Avalanches Threaten Colorado’s High Country As Heavy Snowfall Continues
The avalanche danger in Colorado's mountains is very high as more snow falls, blown by gusty winds. Crews from the Colorado Department of Transportation are out in force, working to reduce the danger for motorists traveling in the high country.
I-70 is back open following a large avalanche on Vail Pass early Tuesday morning, but other roadways, including Wolf Creek and Loveland passes, were closed Wednesday as crews trigger slides to make the area safer.
US-160 Wolf Creek Pass (MM 157-167) closed b/c avalanche control;No est reopen time;Seek alt rtes— CDOT (@ColoradoDOT) January 11, 2017
"Often when we do bring down snow from an avalanche chute, sometime more snow comes down from what we anticipated, and it takes longer to get the roadway open," says CDOT spokesperson Bob Wilson.
Safety is the agency’s first priority, says Wilson -- which is why crews begin preventive measures at the first sign of a potential avalanche.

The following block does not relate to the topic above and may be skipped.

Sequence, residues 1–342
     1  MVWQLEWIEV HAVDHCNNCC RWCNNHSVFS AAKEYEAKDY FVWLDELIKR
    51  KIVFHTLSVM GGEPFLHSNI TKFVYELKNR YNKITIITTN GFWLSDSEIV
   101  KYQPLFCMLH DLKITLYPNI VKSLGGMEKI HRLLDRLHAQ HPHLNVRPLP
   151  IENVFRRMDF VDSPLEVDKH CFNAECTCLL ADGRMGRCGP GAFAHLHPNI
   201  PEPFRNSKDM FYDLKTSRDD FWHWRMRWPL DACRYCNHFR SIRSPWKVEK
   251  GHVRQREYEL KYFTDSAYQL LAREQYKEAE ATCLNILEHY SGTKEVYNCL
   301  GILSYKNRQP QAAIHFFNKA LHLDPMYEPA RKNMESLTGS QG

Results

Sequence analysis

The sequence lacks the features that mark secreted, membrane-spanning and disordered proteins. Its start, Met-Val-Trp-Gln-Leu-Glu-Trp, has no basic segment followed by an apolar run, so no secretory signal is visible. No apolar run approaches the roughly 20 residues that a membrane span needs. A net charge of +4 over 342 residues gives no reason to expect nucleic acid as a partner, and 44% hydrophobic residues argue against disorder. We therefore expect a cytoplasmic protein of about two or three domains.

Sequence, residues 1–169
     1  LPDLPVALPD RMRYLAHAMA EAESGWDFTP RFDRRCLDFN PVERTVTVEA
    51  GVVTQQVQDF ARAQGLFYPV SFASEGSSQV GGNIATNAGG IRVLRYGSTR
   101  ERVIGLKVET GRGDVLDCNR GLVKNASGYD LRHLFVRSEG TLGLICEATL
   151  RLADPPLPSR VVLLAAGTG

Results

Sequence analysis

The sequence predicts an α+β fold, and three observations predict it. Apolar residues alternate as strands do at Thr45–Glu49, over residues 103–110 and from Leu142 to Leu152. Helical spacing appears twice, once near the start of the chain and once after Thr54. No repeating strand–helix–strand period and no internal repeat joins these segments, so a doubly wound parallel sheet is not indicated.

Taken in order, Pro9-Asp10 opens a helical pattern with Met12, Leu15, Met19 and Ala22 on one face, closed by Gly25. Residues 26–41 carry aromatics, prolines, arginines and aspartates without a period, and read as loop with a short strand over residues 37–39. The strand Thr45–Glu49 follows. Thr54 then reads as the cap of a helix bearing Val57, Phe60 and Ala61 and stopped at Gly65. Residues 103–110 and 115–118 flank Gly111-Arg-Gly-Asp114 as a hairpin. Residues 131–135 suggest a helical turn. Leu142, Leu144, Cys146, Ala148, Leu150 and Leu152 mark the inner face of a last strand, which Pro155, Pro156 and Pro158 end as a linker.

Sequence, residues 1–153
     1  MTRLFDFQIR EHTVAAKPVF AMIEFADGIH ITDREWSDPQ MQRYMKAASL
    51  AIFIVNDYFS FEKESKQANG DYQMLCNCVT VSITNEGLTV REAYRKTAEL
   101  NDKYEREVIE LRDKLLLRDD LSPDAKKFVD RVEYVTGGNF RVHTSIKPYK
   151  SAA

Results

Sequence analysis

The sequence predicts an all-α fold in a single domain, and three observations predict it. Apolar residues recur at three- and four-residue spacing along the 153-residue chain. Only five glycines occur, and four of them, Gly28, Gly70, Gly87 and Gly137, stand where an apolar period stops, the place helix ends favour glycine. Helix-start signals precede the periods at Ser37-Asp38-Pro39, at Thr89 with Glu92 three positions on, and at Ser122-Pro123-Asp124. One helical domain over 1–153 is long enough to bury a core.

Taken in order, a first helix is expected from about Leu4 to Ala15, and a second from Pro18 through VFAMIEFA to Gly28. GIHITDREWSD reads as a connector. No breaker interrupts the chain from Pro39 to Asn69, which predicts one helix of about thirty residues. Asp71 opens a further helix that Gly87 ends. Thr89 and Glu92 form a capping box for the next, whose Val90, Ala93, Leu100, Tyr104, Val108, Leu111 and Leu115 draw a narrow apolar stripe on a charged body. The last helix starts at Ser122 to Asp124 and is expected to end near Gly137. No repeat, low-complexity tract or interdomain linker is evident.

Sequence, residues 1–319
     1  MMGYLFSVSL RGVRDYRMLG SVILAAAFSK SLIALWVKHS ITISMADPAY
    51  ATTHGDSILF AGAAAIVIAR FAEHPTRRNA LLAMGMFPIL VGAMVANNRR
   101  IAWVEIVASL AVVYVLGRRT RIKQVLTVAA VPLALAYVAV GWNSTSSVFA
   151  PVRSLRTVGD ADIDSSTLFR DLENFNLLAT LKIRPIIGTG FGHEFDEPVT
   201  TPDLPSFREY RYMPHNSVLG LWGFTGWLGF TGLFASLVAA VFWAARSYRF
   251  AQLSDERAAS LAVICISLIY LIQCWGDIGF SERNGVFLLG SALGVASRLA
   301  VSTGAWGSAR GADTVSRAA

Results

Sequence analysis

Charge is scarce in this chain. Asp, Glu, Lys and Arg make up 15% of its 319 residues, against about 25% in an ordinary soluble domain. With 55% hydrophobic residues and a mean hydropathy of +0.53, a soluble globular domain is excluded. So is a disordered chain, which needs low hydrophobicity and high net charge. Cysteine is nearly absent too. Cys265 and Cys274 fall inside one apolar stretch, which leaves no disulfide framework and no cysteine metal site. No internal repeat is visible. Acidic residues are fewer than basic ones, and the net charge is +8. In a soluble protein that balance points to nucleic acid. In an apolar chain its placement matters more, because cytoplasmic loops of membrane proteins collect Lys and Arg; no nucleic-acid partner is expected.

“The last that we need is for people to get stuck. We have to make sure we keep getting those slopes clear […] because once that snow starts flowing down to the highway, it can be too unpredictable for safety reasons.”
According to the Colorado Avalanche Information Center, the high moisture content in the region’s recent snowfall is weighing down the snowpack, causing dangerous conditions. Those conditions are the worst in the Gunnison area, which has been given a rare “extreme” risk rating.
Colorado’s mountains have received heavy snowfall since early January -- delighting skiers and snowboarders -- at least when they can get there.
High winds and heavy, wet snow forced Crested Butte Mountain Resort to shut down its lifts Monday afternoon. Arapahoe Basin Ski Area was closed Wednesday because of the danger on Loveland Pass leading to the resort. A-Basin reported more than 2 feet of snow between Monday and Tuesday.